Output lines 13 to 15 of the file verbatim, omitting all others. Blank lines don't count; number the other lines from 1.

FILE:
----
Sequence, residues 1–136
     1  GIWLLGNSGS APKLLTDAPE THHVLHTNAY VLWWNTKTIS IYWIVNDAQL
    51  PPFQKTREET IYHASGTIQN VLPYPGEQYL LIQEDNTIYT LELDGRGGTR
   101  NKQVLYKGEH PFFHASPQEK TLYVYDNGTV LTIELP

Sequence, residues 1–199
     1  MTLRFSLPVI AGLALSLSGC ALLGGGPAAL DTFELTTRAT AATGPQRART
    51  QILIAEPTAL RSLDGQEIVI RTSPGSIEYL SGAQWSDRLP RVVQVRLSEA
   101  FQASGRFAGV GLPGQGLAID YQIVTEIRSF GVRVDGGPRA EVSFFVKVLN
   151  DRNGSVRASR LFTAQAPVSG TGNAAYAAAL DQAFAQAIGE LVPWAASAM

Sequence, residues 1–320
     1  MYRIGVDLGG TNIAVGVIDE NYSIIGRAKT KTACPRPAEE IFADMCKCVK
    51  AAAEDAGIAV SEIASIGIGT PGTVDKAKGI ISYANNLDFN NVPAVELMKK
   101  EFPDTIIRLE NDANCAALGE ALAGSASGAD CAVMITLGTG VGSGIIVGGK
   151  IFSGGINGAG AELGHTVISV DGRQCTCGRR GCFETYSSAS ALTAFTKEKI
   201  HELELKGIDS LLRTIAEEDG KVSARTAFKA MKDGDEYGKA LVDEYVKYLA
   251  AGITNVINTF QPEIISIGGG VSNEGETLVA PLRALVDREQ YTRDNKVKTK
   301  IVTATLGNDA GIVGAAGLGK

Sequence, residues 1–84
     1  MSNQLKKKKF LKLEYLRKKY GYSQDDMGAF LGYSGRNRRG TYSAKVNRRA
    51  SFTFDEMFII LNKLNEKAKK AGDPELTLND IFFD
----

   101  EFPDTIIRLE NDANCAALGE ALAGSASGAD CAVMITLGTG VGSGIIVGGK
   151  IFSGGINGAG AELGHTVISV DGRQCTCGRR GCFETYSSAS ALTAFTKEKI
   201  HELELKGIDS LLRTIAEEDG KVSARTAFKA MKDGDEYGKA LVDEYVKYLA